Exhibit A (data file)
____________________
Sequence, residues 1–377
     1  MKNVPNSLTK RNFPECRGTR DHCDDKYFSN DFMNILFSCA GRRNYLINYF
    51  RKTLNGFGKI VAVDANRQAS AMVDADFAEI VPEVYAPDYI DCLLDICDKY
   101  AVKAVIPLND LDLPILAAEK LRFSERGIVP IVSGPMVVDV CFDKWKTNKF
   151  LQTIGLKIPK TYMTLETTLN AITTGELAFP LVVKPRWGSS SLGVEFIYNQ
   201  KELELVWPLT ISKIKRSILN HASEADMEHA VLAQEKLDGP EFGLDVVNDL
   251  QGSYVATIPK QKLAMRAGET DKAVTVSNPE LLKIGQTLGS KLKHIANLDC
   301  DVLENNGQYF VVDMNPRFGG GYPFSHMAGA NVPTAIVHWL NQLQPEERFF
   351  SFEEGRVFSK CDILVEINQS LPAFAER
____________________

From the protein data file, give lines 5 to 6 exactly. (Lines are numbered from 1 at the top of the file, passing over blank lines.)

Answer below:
   151  LQTIGLKIPK TYMTLETTLN AITTGELAFP LVVKPRWGSS SLGVEFIYNQ
   201  KELELVWPLT ISKIKRSILN HASEADMEHA VLAQEKLDGP EFGLDVVNDL